THE HAGUE – Healthcare and youth care in the special municipalities of Bonaire, St. Eustatius and Saba must be comparable to the European Netherlands. This is the underlying principle in the vision that state secretary Van Ooijen (VWS) has set out for developing healthcare in the Caribbean Netherlands in the future. In recent years, the disparity has been reduced considerably, and facilities have been upgraded to an acceptable level. Now that the foundations have been laid, there is an opportunity to further improve the quality and availability of offered services.
Tailor-made health system
State secretary Van Ooijen (VWS): “Bonaire, Saba and St. Eustatius are fully fledged municipalities of the Netherlands, and that means a comparable level of healthcare must also be available. This is something I want to help realise together with the local authorities, involved healthcare organisations and the residents of the Caribbean Netherlands. However, ‘comparable’ does not mean that everything from the European Netherlands will be copied like for like. The aim is to create a health system that has been tailor-made for the Caribbean Netherlands, bearing in mind the small scale of the islands.”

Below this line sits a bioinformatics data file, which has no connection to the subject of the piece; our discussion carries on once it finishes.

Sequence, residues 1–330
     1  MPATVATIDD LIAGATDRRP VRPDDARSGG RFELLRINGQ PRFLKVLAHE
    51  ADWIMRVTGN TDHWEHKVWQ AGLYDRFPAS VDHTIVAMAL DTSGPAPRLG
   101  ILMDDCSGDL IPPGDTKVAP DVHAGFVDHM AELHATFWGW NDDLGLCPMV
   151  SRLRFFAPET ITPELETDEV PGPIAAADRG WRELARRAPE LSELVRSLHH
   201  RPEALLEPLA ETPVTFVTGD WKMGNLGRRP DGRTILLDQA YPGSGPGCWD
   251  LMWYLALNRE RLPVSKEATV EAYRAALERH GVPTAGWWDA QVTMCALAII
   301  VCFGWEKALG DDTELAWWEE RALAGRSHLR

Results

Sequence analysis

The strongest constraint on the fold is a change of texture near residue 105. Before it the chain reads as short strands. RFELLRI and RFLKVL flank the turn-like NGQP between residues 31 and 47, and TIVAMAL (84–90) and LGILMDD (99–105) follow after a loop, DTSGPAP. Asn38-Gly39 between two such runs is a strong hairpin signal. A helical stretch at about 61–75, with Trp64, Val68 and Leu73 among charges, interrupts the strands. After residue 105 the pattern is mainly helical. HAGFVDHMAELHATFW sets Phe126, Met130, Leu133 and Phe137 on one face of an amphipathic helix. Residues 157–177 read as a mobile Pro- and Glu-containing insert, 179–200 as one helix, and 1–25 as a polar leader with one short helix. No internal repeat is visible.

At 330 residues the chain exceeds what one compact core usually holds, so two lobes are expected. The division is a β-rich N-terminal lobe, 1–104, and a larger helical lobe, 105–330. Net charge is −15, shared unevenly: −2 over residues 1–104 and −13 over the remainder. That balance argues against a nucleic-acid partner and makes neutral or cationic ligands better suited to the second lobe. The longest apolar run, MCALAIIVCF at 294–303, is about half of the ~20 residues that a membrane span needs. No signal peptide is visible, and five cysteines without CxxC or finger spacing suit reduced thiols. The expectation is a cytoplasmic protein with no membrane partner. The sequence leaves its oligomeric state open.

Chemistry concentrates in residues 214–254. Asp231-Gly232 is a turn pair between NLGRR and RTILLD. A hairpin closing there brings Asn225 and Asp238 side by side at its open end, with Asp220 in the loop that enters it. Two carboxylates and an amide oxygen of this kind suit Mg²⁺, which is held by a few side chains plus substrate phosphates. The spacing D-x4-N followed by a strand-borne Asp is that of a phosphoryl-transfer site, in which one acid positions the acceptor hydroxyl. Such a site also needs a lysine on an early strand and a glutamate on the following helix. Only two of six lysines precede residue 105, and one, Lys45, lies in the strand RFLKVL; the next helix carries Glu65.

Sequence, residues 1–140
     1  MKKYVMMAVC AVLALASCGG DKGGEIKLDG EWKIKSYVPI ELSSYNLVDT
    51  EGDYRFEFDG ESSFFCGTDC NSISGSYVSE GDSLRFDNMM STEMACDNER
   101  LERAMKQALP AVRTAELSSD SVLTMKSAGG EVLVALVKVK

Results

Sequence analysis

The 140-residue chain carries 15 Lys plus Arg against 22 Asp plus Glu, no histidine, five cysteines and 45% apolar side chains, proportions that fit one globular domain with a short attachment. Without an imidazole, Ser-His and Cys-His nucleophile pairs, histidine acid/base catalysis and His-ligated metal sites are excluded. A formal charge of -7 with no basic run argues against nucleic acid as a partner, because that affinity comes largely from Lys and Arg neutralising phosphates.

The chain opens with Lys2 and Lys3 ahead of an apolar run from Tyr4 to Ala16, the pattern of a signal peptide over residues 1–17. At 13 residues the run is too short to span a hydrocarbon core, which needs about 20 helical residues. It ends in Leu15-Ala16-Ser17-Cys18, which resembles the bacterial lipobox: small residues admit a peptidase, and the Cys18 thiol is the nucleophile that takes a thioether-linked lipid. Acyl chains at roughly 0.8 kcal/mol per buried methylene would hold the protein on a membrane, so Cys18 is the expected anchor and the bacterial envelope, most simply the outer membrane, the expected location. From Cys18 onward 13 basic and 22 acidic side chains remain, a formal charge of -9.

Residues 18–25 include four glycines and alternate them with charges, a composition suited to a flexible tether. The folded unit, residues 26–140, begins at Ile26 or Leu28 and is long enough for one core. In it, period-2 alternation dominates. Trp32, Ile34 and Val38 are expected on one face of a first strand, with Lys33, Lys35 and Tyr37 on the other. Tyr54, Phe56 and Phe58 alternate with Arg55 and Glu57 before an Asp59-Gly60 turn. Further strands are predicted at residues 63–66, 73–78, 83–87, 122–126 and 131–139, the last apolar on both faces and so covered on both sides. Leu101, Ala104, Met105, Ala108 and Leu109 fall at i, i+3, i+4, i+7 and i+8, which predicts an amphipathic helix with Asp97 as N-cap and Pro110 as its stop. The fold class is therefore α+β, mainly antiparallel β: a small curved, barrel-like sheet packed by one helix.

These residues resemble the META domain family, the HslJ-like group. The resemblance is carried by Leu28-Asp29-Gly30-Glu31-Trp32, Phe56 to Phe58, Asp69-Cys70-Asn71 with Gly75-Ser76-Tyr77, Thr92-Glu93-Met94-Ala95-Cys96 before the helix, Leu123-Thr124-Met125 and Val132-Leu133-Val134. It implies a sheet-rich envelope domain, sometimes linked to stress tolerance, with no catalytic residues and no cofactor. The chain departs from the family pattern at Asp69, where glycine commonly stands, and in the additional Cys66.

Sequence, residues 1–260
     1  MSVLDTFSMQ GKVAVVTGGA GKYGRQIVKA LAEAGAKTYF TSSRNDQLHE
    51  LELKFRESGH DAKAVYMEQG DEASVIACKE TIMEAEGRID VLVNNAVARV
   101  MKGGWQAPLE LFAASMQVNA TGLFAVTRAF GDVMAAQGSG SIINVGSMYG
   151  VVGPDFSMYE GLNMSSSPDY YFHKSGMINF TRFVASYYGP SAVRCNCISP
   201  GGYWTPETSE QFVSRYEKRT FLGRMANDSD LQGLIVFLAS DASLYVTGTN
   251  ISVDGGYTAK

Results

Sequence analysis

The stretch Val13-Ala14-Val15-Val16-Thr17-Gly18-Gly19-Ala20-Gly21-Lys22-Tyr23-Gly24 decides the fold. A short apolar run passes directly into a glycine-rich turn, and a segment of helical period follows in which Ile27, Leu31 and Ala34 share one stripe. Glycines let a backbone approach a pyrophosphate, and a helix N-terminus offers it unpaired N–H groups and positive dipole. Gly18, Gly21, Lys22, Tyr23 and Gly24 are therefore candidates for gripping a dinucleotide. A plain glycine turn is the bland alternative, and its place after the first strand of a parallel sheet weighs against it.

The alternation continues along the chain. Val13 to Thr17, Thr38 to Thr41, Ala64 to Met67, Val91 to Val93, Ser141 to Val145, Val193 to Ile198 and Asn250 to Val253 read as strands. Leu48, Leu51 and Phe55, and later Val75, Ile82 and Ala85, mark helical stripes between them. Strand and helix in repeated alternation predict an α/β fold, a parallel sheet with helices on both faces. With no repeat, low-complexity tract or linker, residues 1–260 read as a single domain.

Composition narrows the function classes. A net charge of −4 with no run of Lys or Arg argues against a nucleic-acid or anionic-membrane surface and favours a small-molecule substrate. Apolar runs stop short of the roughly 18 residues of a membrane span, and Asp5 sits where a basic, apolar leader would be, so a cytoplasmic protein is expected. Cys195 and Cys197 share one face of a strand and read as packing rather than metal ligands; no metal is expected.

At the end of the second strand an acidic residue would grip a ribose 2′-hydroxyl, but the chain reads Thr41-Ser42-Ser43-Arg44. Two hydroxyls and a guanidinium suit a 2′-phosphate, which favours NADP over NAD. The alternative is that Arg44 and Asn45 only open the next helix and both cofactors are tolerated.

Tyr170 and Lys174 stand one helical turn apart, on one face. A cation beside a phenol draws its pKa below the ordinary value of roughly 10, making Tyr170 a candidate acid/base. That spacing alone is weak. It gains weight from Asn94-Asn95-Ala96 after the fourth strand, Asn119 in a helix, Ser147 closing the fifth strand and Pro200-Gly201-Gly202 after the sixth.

Quality and availability of care services
The quality and availability of offered services are now being addressed in all facets of healthcare and youth care. Elderly people and people with disabilities must receive the care that they deserve, also in light of the ageing population. Services for youngsters with complex issues must also be improved. Exercise and a healthy lifestyle must become part of the daily lives of all inhabitants. When it comes to public health, it is important for the local branches of the special municipalities to be developed further. Finally, if care cannot be organised within the Caribbean Netherlands, we will arrange it within the region wherever possible. In this case, the principle is: as close as possible and as far as necessary.
Cooperation within the Kingdom
Curaçao, Aruba and Sint Maarten (CAS) are autonomous countries within the Kingdom and are thus personally responsible for their health system and public health. However, we are partly reliant on each other for the availability of good healthcare throughout the Kingdom. That is why the Dutch Caribbean Hospital Alliance (DCHA) was founded recently, and is a partnership between various hospitals in the Caribbean part of the Kingdom.
To ensure high-quality care in the Caribbean part of the Kingdom, it is very important for the four countries to promote this partnership within the Kingdom.